Heart Island bobs in cold water, deep within a lake in New York’s Adirondacks. Named for its shape and the family that’s owned it for generations, the private island has one home, a bunkhouse and a secret: a big one, the kind that splinters and yawns, enveloping everyone in its choppy wake.
Oh, the island also has a few ghosts; at least, that’s the family legend. But Lisa Unger’s new novel, Heartbroken, isn’t a ghost story, and it isn’t even really about place or space, but the people who inhabit it.
Heartbroken is a character study in family, many you’ll recognize as your own blood. There is the icy, critical and controlling grandmother who would rather do things the right way by herself than delegate to lesser, poorly qualified mortals. There’s the mother brimming with ambition but long bridled by self-doubt and responsibility. Take your pick of fathers: one distant and dry of love, searching for fulfillment in other places; another affable, devoted and determined to keep his stepdaughter safe, even if it means installing spyware on her computer. The bristling contempt of ex-wives and ex-husbands. And teenagers that are like every teenager you’ve ever known and ever will exist, no further descriptive necessary.
Birdie Heart Burke is the icy grandmother, the matriarch of Heart Island. Every summer, her children and grandchildren come for a week to the island. The vacation is always stained with the assorted dysfunctions of family dynamics, but there are new, disturbing wrinkles this year. Birdie keeps seeing a shadowy man on the island; her husband, needing a break, has taken off for the city; and there’s the matter of her long-dead mother who may or may not have had an affair on a neighboring island.
Kate, Birdie’s daughter, prepares for the visit with dread and foreboding. While she feels the call of the island, and loves it like her mother and children, she looks forward to interactions with her mother as much as she would a double root canal. Like the island, Kate has a secret: She has written and sold a book this year, a novel loosely based on the mysterious journals of her deceased aunt and grandmother. It is, she hopes, the defiant debunking of her mother’s disdainful belief that she’d never done anything important with her life. (“Being a mother is not a job, exactly, is it?” Birdie sniffs.)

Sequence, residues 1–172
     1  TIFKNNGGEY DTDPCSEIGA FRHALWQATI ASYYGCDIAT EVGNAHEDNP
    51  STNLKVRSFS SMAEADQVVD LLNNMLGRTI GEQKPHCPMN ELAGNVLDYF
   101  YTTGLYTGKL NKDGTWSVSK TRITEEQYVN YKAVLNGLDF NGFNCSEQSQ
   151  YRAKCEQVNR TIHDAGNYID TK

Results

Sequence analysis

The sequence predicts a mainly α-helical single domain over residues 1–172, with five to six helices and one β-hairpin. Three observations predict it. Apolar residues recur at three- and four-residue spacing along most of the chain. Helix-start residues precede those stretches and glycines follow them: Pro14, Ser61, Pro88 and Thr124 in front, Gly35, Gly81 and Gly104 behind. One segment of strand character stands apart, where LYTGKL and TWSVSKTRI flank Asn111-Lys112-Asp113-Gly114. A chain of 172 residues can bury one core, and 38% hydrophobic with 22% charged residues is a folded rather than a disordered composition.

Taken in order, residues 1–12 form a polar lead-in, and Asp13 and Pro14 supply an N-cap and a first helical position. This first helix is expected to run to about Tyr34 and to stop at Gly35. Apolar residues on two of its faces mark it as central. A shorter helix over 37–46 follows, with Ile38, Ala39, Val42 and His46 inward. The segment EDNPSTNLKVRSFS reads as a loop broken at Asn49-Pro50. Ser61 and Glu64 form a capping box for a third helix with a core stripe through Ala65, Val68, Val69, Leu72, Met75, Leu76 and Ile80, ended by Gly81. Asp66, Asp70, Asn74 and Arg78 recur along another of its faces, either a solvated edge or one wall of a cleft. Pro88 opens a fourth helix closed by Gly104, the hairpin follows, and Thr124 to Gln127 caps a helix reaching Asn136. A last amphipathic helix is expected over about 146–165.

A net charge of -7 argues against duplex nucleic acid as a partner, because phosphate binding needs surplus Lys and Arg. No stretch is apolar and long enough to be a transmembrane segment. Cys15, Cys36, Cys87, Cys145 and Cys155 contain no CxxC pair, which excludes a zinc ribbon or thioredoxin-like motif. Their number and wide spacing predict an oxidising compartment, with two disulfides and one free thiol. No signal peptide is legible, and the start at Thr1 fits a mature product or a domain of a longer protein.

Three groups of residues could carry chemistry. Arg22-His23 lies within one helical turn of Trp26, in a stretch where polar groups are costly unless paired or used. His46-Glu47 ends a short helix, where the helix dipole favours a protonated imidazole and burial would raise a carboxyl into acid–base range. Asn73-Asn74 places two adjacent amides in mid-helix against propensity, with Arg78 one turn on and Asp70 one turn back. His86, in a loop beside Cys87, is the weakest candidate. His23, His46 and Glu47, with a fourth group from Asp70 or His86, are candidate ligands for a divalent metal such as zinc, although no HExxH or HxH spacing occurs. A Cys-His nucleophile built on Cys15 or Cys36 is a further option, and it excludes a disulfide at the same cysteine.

Meanwhile, a seemingly unrelated story is unfolding on the mainland. A young waitress named Emily, tangled in a dead-end relationship she hasn’t the courage to sever, reluctantly follows her boyfriend into a deadly crime spree that will deposit them on Heart Island at the same time as Birdie’s family. Heartbroken has many storylines, throbbing like capillaries, but Unger’s considerable talents as a weaver connect them seamlessly. The novel is taut and sinewy, fast-moving and riddled with tension.
While some scenes are predictable, the ultimate outcome isn’t, and the book becomes more satisfying as it progresses. There are a few head-scratching oddities of plot (one involving a mysterious and vaguely threatening Facebook friend) that never develop and seem to add pages unnecessarily. And for all Unger’s worldiness — she was raised in Holland, England and (one of these things is not like the other) New Jersey — this is a regional book, solidly New England. Except for its length, it’s a beach read, easily absorbed and engaging. You won’t learn anything from this book, nor will you be up nights pondering its meaning. You’ll just recognize it. It’s all familiar territory: the people, the tension, the threaded and often dumb choices that make up our lives. But to appreciate the beauty of our own messy lives, it helps to gape baldly at others’, and the collisions that take place on Heart Island ricochet nicely and sufficiently entertain. B — Jennifer Graham